The Photography of Karlheinz Weinberger
Born in Zürich in June of 1921, Karlheinz Weinberger was a self-taught Swiss photographer who over his sixty year career documented the outsider culture of rebellious male youths and working-class men. He used the pseudonym “Jim”, taken from a popular 1930 song written by German-Austrian composer Hanns Eisler, for his photographic work from 1948 to 2000.
From 1936 to 1939, Karlheinz Weinberger attended Zürich’s grammar school and began taking photographs with his first camera. He became a member of the Bund der Nuturfreunde (Association of Nature Enthusiasts) photography club where he developed greater skills in both photographing and processing. In 1942, Weinberger was called for military training after which he served a period of active military service. At the end of the Second World War, he gained temporary employment as a carpet and furniture salesman but also endured periods of unemployment.
Beginning in 1948, Weinberger became an active member of Zürich’s famous underground gay club “Der Kreis (The Circle)”. He began in the mid-1950s to publish his photos in the underground gay journals “Der Kreis”, printed through the club, and “Club68” founded by a small team of former Kreis members. Weinberger published more than eighty photographs though “Der Kreis” until the journal’s last issue in 1967. It should be noted that “Der Kreis”, besides being the only gay publication to include editorial content in three languages, was the most important European journal promoting the legal and social rights of gay men at that time.
During the 1950s, Karlheinz Weinberger spent his summer holidays in the Mediterranean area where he took portraits on the coasts and islands of Italy and during later excursions into Morocco. Weinberger’s images of sailors, fishermen, beach goers, and dockworkers were later published in “Mediterranean”, a 2021 posthumous volume, the third of a series through the Swiss publisher Sturm & Drang.
From 1955 to his retirement in 1986, Weinberger was employed in the warehouse department of the Siemens-Albis factory in Zürich; this day-time position provided the finances for his off hours’ photographic work. In 1958, Weinberger met and photographed the young rocker Jimmy Oechslin in the streets of Zürich. Oechslin introduced him to Switzerland’s growing gang culture known by the German term Halbstarker, meaning ‘half-strong’. Groups of Zürich’s young people, influenced by the many aspects of American culture, were looking for an identity of their own. They established an antiauthoritarian subculture based on American film, rock music, customized jean clothing and the riding of motorcycles.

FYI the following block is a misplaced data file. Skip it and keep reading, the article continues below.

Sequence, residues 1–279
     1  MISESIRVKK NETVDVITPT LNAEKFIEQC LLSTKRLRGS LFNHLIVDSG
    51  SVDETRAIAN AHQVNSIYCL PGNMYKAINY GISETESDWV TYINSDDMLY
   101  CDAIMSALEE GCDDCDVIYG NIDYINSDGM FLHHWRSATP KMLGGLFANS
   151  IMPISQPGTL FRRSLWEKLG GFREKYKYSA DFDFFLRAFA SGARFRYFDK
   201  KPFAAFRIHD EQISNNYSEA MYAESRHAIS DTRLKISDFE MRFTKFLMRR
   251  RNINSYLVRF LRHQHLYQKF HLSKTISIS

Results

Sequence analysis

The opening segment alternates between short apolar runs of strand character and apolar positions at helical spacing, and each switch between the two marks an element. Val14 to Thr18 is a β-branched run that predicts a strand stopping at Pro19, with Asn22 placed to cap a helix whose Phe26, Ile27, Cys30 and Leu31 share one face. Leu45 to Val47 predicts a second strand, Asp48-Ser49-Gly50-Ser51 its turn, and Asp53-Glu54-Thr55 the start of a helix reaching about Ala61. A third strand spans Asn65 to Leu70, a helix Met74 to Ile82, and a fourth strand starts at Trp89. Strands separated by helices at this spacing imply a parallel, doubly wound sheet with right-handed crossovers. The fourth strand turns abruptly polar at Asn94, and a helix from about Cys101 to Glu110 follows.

Intrigued by the teenagers’ edgy look as well as their attitude towards authority, Karlheinz Weinberger began documenting this post-war generation on Zürich’s streets and at local festivals. He later established an improvised portrait studio at the apartment shared with his mother. During this period, Weinberger became the one of the first photographers granted permission to document the local chapter of the Hells Angels motorcycle club. Between 1964 and 1976, he worked as a freelancer for various sports magazines and specialized in sports reporting in Switzerland and East Germany.
Since 1963, Weinberger presented his work in various group exhibitions in Zürich, Israel, Italy, Canada and the United States. In 1968, he won a prize for his sports photographs at the NIVON Holland competition. Weinberger’s first solo exhibition, entitled “The Hooligans 1955-1960” was held in 1980 at Zürich’s Migros Club School, a recreation and education center. The first institutional exhibition of Weinberger’s work to a wider audience was a major retrospective entitled “Intimate Stranger” held in 2000 at Zürich’s Design Museum. Consisting exclusively of vintage prints mostly developed in Weinberger’s home lab, the show documented his close, but still outsider, view of the Halbstarker gangs. This exhibition later traveled to Vancouver, Canada.
Karlheinz Weinberger passed away in December of 2006 in Zürich at the age of eighty-five. The Galerie Esther Woerdehoff is the owner of the Weinberger Estate which is housed in the Swiss Social Archives in Zürich. In February and March of 2011, the Swiss Institute at St. Marks Place in New York City held an exhibition of Weinberger’s vintage prints curated through the collaboration of the Karlheinz Weinberger Estate and Gianni Jetzer, Curator-at-large at Washington DC’s Hirshhorn Museum. In conjunction with the exhibition, the Swiss Institute published a portfolio of fifty-four images entitled “Karlheinz Weinberger: Jeans”.
In August of 2017 in conjunction with a large retrospective exhibition at Les Rencontres d’Arles, the German publisher Steidl released French and English editions of “Swiss Rebels”, a collection of Weinberger’s homoerotic images of rockers, bikers, construction workers and athletes. In 2018, publisher Starm & Drang released “Karlheinz Weinberger: Sports” , a collection of work discovered after the artist’s death in 2006. The volume, the second in its series, included one hundred-thirty images taken from thousands of negatives, slides and prints that documented bike races, wrestling matches and weight-lifting events.
Notes: The online magazine on contemporary culture Kvadrat Interwoven has an excellent article on Karlheinz Weinberger’s early career written by Larissa Kasper. This article can be located at: http://kvadratinterwoven.com/foto-jim-zurich
A timeline of Karlheinz Weinberger’s life is available at the Gallery Esther Woerdehoff site, the executor of his estate. This information is located at: https://ewgalerie.com/wp-content/uploads/2018/05/Weinberger_en-2022.pdf
Second Insert Image: Karlheinz Weinberger, Untitled Portrait, Zürich, circa 1970s, Gelatin Silver Print, Karlheinz Weinberger Estate
Fourth Insert Image: Karlheinz Weinberger, Untitled, Portrait from 2011 “Jeans”, Swiss Institute, New York City